Dust Collection Unit Located Outside the Shop

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Forum topic by jimmymac posted 03-22-2010 10:07 PM 1135 views 0 times favorited 1 reply Add to Favorites Watch
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1 post in 3139 days

03-22-2010 10:07 PM

Topic tags/keywords: question dust collection shop design

I am designing my shop and plan to put a cyclone dust collector outside the wall of my shop. However, I am wondering about returning the air back to shop the dust collector pulls out. Since I will be heating or cooling the shop most of the year will I have to live with the lose of this air and just draw in new when the dust collector is running or is there a way to pull the air back into the shop from the dust collector.

-- jimmymac, Bremerton, Washington

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View bobkberg's profile


439 posts in 3068 days

#1 posted 03-24-2010 09:21 PM

The first question to cross my mind is: Is the blower output readily accessible for return ducting?
Second question would be: Will the added load on the blower impact its effectiveness?

If the answer remains workable, then I’d just duct it back to the shop, but run it through two filters: coarse and fine. The coarse one to not clog up the fine one. If the added ducting and filters put too much of a load on the dust collection blower, you might need to add another stage before the filters.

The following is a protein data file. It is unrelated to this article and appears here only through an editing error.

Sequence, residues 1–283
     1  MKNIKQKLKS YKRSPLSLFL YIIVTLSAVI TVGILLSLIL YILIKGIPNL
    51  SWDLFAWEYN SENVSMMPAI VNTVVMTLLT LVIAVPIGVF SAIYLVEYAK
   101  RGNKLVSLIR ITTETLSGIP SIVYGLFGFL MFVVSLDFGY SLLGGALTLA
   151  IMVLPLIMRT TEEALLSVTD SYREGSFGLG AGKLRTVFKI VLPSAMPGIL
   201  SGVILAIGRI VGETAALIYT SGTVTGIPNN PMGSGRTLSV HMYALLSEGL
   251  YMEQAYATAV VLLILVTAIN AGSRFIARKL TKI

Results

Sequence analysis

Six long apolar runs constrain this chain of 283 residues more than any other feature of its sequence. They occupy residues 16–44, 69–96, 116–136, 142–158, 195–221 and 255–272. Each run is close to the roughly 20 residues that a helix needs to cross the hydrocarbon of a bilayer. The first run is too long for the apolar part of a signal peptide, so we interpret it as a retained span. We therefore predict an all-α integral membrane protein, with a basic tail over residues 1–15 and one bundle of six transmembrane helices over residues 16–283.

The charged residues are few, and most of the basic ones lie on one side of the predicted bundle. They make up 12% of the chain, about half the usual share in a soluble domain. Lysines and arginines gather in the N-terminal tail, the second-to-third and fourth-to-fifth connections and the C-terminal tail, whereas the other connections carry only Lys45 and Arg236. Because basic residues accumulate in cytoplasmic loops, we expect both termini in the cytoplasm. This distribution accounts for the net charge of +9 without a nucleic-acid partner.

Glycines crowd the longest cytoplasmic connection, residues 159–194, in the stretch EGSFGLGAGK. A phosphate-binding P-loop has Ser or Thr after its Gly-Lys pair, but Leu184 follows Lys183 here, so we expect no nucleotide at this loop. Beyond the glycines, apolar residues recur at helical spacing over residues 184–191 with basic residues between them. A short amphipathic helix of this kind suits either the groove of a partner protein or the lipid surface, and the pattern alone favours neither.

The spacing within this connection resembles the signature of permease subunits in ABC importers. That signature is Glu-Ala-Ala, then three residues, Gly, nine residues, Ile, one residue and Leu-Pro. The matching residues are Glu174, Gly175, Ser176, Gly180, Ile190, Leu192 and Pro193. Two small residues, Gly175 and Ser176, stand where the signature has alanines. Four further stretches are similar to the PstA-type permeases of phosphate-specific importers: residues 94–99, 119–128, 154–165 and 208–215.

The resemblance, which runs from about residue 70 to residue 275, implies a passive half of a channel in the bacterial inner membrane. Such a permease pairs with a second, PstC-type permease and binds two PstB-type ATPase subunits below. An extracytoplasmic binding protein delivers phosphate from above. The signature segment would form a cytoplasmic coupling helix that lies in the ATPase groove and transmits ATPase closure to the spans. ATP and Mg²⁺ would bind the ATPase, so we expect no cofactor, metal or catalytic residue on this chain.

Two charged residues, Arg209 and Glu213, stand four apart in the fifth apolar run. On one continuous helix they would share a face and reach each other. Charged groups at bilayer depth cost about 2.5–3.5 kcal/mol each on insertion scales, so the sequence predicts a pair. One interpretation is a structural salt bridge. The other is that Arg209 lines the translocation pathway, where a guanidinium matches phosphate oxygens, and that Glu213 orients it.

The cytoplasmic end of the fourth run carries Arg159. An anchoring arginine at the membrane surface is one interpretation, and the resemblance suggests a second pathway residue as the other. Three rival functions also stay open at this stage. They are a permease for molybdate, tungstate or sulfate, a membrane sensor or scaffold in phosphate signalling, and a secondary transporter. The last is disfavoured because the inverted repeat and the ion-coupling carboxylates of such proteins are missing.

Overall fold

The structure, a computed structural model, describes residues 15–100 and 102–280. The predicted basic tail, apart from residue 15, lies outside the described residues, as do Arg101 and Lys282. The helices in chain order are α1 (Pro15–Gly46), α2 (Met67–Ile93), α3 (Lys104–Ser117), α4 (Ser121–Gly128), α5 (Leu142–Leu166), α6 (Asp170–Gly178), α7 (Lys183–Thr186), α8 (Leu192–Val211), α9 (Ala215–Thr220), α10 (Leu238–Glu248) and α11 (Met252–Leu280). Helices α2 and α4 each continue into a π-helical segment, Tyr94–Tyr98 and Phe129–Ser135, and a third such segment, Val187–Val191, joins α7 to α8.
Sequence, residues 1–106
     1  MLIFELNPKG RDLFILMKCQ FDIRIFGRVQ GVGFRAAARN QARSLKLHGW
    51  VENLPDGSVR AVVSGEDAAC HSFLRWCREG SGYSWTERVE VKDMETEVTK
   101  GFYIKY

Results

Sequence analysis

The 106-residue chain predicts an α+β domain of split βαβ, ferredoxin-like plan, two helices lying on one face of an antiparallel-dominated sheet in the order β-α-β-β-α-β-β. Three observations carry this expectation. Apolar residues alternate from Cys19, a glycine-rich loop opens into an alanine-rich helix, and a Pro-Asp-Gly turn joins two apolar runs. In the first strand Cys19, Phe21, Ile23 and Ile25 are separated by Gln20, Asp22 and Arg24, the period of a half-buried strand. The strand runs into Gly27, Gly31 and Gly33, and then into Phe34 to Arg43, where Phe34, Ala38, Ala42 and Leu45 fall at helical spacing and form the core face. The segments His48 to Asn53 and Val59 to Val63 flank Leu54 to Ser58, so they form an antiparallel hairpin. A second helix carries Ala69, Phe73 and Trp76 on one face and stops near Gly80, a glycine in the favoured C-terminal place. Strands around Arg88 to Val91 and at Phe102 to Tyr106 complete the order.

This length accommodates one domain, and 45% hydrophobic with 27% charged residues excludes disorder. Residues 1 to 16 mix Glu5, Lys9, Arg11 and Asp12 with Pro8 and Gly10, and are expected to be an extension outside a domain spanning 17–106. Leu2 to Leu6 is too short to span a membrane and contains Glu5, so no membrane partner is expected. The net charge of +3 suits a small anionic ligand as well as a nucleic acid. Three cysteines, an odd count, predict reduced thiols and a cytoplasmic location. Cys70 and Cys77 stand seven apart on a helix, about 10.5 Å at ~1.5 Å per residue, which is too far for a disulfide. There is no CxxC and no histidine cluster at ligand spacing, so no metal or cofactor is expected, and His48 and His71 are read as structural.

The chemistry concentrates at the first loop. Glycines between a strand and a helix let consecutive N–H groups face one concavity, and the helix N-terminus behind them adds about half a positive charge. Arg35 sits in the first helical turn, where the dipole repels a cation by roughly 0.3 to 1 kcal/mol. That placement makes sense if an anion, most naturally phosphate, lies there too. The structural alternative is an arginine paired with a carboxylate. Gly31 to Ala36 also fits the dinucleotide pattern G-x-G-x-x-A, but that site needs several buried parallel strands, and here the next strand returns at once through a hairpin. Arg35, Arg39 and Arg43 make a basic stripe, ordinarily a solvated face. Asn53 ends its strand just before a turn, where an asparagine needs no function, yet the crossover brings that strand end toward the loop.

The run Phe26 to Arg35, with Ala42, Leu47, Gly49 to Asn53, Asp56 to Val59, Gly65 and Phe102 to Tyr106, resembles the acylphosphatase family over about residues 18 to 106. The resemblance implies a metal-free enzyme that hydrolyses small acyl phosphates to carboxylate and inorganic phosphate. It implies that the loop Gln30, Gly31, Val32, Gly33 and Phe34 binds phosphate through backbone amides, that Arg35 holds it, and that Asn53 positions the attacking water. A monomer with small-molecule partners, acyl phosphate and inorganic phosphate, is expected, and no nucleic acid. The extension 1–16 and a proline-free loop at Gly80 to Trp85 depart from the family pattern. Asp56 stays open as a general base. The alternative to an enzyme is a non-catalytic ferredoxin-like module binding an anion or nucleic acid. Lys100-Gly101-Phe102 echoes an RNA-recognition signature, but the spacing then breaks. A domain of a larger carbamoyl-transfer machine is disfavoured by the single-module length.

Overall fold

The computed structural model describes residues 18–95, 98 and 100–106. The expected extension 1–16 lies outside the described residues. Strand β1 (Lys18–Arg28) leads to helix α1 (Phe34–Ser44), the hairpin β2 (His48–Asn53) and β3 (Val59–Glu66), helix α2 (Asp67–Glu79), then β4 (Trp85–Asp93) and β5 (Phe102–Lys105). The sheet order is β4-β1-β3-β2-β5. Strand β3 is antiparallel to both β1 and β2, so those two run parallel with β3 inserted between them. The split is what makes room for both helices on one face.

My hesitation here is because I don’t know how much dust stays in the air stream after it’s been through the cyclone collector, so filtering is a must, both for breathing and fire/explosion danger.

An alternate approach would be to use an air-to-air heat exchanger (the two air flows pass by each other, separated by thin sheet metal. This is not ideal from several points of view (added number of fans, possible dust buildup on the heat exchanger building up an insulating layer which defeats the purpose, noise, occupies more space, and the electric bill), but it would enable you to cut the temperature differential on your incoming air. Depending on the other factors (electricity to run the blowers), it would allow you to bring in cleaner air than just the output of the cyclone collector. However, these devices are usually used for air exchange in homes where the objective is to exhaust CO2 and odors and such, but recover some of the cost of heating or cooling the incoming air.

I hope that helps,

-- Bob - A sideline, not how I earn a living

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